“Gifford Pinchot himself pinned it many decades ago in declaring that he doubted that future foresters would truly understand the diverse ecosystems of the Southern Appalachian Mountains in their management decisions.”
On June 7, Carolina Public Press held a free and open virtual event with a panel of experts to discuss threats to the future of public forests in the state, including climate change. A recording of the event is linked to this story.
“We are showing women how to see their land as an asset and how to make it work economically and to see that future,” explains Aimee Tomcho, a Burnsville-based conservation biologist for the National Audubon Society and leader of Western North Carolina’s ForestHer chapter.
Less than 0.1% of all small woodlands are currently certified as responsibly managed, despite making up over 75% of all privately owned Southeast forests. The SAP pilot, a collaboration of forest product companies, the Forest Stewardship Council and Rainforest Alliance, is exploring how to bring those previously overlooked parcels into certified status.
A locally produced documentary about the introduction of forestry in America is scheduled to hit the silver screen this weekend at Biltmore Estate. The one-hour film, First in Forestry, tells the story of Carl Schenck and the Biltmore Forest School, the first forestry school in the country. “It’s the story of how American forestry started, and […]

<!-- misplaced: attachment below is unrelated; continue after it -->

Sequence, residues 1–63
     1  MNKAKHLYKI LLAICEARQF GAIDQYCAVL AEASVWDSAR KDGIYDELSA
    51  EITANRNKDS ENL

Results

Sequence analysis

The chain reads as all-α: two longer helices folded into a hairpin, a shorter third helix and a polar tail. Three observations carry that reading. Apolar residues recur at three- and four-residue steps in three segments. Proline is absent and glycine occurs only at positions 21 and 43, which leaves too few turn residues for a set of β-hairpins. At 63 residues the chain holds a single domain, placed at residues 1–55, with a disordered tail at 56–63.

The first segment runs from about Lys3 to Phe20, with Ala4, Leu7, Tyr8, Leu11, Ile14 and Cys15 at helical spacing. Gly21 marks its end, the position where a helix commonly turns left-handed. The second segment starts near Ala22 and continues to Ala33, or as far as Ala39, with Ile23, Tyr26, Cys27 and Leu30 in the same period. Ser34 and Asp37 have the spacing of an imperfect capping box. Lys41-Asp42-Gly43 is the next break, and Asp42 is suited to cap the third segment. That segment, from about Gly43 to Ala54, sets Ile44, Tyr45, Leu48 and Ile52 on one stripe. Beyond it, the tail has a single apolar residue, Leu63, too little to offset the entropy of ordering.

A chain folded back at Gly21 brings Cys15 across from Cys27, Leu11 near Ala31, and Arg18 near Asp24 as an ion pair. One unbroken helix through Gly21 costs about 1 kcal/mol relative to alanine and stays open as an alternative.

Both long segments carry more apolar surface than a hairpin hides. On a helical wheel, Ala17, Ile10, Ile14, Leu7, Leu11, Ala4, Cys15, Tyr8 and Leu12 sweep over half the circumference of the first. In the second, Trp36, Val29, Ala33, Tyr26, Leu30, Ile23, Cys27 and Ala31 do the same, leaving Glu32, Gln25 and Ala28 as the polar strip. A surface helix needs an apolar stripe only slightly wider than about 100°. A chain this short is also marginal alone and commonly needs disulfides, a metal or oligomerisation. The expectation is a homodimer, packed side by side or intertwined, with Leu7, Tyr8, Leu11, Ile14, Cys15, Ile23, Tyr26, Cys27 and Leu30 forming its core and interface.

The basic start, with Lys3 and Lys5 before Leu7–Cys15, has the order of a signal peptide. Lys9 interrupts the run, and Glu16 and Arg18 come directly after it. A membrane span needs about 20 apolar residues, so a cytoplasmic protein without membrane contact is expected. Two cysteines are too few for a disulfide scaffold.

The Forest Service says it will conduct a prescribed burn it’s been planning at Bent Creek Thursday, Aug. 11. The targeted area includes forest stands near the Lake Powhatan Recreation Area, adjacent to Forest Service roads 479 and 664. The burn will take place if weather and other environmental conditions continue to favor it, according to an agency checklist; the desired conditions are in the local weather forecast for Thursday.
Photo by Jonathan Welch
The project, which will produce photo-maps of unmatched detail, is part of the state’s 911 emergency-readiness program. “You will be able to make out individual branches on the trees,” said N.C. forester Andrew D. Bailey. In addition to helping emergency response, the imagery will also be used by other state and local agencies, including conservation agencies such as the state Forest Service and local parks and recreation offices.